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The design of modified oligonucleotides that combine in one molecule several therapeutically beneficial properties still poses a major challenge. Recently a new type of modified mesyl phosphoramidate (or µ-) oligonucleotide was described that demonstrates high affinity to RNA, exceptional nuclease resistance, efficient recruitment of RNase H, and potent inhibition of key carcinogenesis processes in vitro. Herein, using a xenograft mouse tumor model, it was demonstrated that microRNA miR-21-targeted µ-oligonucleotides administered in complex with folate-containing liposomes dramatically inhibit primary tumor growth via long-term down-regulation of miR-21 in tumors and increase in biosynthesis of miR-21-regulated tumor suppressor proteins. This antitumoral effect is superior to the effect of the corresponding phosphorothioate. Peritumoral administration of µ-oligonucleotide results in its rapid distribution and efficient accumulation in the tumor. Blood biochemistry and morphometric studies of internal organs revealed no pronounced toxicity of µ-oligonucleotides. This new oligonucleotide class provides a powerful tool for antisense technology.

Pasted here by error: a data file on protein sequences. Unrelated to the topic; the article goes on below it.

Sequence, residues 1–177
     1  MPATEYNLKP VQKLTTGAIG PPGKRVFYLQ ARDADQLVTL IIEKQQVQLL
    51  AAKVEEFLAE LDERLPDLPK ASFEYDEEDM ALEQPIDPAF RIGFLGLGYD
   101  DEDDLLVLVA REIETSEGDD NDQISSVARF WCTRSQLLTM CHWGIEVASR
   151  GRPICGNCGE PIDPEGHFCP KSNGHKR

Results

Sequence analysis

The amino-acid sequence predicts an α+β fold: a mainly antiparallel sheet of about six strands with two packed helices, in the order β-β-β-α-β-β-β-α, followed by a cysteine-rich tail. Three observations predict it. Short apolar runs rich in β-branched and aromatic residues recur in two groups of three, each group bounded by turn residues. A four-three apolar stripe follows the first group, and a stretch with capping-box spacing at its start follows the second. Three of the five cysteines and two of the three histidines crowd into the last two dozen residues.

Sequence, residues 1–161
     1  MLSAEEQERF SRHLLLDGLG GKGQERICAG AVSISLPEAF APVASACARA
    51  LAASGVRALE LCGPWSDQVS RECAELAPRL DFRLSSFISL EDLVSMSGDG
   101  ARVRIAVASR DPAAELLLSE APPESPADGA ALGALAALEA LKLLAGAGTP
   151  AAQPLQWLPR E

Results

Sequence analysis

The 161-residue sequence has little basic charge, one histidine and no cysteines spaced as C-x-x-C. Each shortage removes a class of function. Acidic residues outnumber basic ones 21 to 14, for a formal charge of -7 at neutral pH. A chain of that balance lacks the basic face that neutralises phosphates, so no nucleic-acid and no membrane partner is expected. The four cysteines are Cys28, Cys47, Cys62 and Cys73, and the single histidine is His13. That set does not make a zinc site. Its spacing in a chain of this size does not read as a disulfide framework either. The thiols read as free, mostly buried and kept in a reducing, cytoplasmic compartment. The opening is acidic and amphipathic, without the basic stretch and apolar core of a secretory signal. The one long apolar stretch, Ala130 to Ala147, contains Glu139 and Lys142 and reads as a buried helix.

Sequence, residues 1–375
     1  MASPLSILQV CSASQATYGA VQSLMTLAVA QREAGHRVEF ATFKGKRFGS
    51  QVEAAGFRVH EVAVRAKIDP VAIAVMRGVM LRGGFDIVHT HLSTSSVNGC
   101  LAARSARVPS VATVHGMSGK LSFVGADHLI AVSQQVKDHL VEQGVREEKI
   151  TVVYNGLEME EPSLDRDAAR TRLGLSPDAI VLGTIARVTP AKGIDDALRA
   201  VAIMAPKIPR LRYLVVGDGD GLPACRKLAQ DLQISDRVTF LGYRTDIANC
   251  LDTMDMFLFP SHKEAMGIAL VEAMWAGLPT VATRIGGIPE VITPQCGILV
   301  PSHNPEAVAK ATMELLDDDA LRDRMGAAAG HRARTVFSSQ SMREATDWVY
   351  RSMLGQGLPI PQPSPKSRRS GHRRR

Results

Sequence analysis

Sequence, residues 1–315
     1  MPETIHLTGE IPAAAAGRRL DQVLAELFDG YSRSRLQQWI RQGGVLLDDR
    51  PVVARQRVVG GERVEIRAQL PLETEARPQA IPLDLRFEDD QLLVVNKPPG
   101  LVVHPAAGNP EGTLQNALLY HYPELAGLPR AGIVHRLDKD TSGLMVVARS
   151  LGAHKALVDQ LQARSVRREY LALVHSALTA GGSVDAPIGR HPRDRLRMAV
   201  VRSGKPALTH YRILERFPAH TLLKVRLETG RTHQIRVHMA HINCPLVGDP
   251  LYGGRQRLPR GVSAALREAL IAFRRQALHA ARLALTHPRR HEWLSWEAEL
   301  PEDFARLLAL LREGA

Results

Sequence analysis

Original publication




Journal article


Proc Natl Acad Sci U S A

Publication Date





32370 - 32379


DNA modification, antisense oligonucleotide, mesyl oligonucleotide, oncogenic microRNA, phosphorothioate, Amides, Animals, Antineoplastic Agents, Cell Line, Tumor, Gene Expression Regulation, Neoplastic, Male, Melanoma, Mice, SCID, MicroRNAs, Molecular Targeted Therapy, Oligonucleotides, Antisense, Phosphoric Acids, Tissue Distribution, Xenograft Model Antitumor Assays